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Geographers meet in National Capital Region to discuss, debate geopolitical challenges


   

Kearns (at podium) introduces panel discussion on What is Geopolitics in the Twenty-First Century?  at  The  Ridenour Symposium:  Geoplitics at Virginia Tech. Left to right are:  Jakub Grygiel, the George H.W. Bush Associate Professor of International Relations, Johns Hopkins University;  Simon Dalby, professor, Geography,  Carlton University, Ottowa; Jennifer Hyndman, professor, Geography, and associate director of research, Centre for Refugee Studies, York University, Toronto, and Toal. Kearns (at podium) introduces panel discussion on What is Geopolitics in the Twenty-First Century? at The Ridenour Symposium: Geoplitics at Virginia Tech. Left to right are: Jakub Grygiel, the George H.W. Bush Associate Professor of International Relations, Johns Hopkins University; Simon Dalby, professor, Geography, Carlton University, Ottowa; Jennifer Hyndman, professor, Geography, and associate director of research, Centre for Refugee Studies, York University, Toronto, and Toal.


NATIONAL CAPITAL REGION, May 7, 2010 – Geographers from around the world gathered in Old Town Alexandria recently to attend "The Ridenour Symposium: Geopolitics at Virginia Tech," sponsored by the School of Public and International Affairs in Virginia Tech's College of Architecture and Urban Studies.

Organized over the past six months by Gerry Kearns, professor of government and international affairs and director, School of Public and International Affairs; and Gerard Toal, professor and director of Virginia Tech's Government and International Affairs program in the National Capital Region, the Ridenour Symposium was held at the Lyceum Museum the day before the annual meeting of the Association of American Geographers (AAG) convened in Washington, D.C.

Earlier that same week, Government and International Affairs hosted a two-day meeting of the AAG’s Political Geography Study Group, held at the Virginia Tech Alexandria campus.

The one-day symposium was designed to bring together a diversity of speakers and stimulate conversations across disciplinary, theoretical, and political lines; reflect upon the history and practice of geographical reasoning in public affairs, and consider and review the geopolitical challenges of the present-day in a critical open minded manner.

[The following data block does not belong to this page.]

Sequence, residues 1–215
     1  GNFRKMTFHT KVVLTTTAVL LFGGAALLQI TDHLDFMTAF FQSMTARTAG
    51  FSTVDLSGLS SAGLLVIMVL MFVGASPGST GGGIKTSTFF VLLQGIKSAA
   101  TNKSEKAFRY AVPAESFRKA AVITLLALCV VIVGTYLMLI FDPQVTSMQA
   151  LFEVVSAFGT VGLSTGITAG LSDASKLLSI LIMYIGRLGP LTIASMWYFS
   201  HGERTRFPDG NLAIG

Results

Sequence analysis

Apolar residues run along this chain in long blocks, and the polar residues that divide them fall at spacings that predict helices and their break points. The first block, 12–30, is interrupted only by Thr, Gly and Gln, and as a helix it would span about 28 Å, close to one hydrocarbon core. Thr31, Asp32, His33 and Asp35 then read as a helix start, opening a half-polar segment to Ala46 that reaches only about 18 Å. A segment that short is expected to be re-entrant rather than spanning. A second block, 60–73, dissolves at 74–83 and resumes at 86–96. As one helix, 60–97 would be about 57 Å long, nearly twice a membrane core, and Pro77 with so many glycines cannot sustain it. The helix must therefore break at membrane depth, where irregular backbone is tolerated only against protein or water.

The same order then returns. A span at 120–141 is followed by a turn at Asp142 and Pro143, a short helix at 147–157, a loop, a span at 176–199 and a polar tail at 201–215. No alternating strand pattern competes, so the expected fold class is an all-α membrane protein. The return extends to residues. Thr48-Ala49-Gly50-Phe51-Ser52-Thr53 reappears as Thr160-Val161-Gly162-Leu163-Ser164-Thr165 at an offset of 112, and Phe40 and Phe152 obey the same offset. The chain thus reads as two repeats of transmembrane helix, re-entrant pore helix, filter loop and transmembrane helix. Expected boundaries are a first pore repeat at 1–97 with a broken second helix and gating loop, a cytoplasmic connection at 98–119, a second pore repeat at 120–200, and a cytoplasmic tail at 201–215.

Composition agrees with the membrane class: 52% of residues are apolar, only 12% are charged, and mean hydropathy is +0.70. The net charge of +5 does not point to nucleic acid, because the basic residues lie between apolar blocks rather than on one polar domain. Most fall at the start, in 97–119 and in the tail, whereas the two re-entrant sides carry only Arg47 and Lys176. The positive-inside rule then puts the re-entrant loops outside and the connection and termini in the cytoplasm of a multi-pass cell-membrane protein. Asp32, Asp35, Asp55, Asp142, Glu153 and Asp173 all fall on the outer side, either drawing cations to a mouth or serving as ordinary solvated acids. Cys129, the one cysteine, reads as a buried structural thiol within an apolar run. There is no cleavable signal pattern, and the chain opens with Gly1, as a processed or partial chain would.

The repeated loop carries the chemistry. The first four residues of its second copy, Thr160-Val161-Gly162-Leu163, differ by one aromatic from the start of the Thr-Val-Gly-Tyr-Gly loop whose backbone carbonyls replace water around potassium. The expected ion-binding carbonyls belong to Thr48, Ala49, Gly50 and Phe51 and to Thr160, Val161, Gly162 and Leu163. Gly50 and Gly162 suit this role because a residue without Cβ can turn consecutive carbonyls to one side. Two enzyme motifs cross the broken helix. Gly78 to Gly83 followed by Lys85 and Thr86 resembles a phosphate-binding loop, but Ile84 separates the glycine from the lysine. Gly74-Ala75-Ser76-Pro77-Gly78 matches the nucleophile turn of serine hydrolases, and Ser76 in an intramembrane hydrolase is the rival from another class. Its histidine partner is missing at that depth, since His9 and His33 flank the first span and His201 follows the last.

“Because the AAG was holding its annual conference in D.C., we thought it was an excellent opportunity for Virginia Tech to link up visiting geographers with local political scientists to create a discussion about Geopolitics,” said Kearns. Michael Lind, policy director of the Economic Growth Program at the New America Foundation; Christopher Preble, director of Foreign Policy Studies at the Cato Institute; Charles Krupchan, a member of the Council on Foreign Relations; Derek Gregory, author of works on the geography of colonialism and professor of Geography at the University of British Columbia, and David Harvey, professor, Anthropology, City University of New York, who has been central to the development of geographical perspectives within Marxism, were among the diverse speakers at the event.

“The term ‘geopolitics’ is an essentially contested concept associated with a variety of traditions of thought,” said Toal. “Recent works in academia and beyond have sharpened understanding of these traditions. To some, geopolitics is a tradition of thinking about the relationship between geographic setting, technology and forms of government, a tradition that dates back to classical times. For most beyond academia, geopolitics is simply shorthand for the management of competition between Great Powers, a meaning that Henry Kissinger first helped popularize in the 1970s.”

A wide range of relevant geopolitical topics discussed and debated in panel discussions throughout the day were: What is Geopolitics in the Twenty-First Century?, Geopolitics and Empire, War Cultures, Geopolitics and Terror, and Geopolitics and Cosmopolitics. In the session on Geopolitics and Empire, Kearns presented on the arguments of his book, Geopolitics and Empire: The Legacy of Halford Mackinder (Oxford University Press, 2009), while in the session on Geopolitics and Terror, Toal described some early results from his work in Abkhazia and South Ossetia. Chairing the panels from Virginia Tech (in addition to Kearns and Toal) were Joel Peters, associate professor, and Giselle Datz, assistant professor Government and International Affiars, National Capital Region. Symposium attendees were given an opportunity to participate in a question and answer session that followed each panel presentation.

In addition to the Ridenour Fellowship Fund, the School of Public and International Affairs and the College of Architecture and Urban Studies, the symposium was supported by the James Bohland Fund for Excellence, the Virginia Tech Institute for Society, Culture and Environment, and Virginia Tech National Capital Region operations.

“The event was a great success with about 150 people attending at various times and never fewer than 80 people in any one session,” Kearns said. “The discussions were lively and several students from Virginia Tech have taken the time to tell me how much they learned by attending. Several students from other colleges and universities even said they wished they were studying at Virginia Tech.

“Geopolitics at Virginia Tech did everything that Gerard and I had hoped it would when we began planning it,” said Kearns.

“The Ridenour Symposium: Geopolitics at Virginia Tech,” is available on video.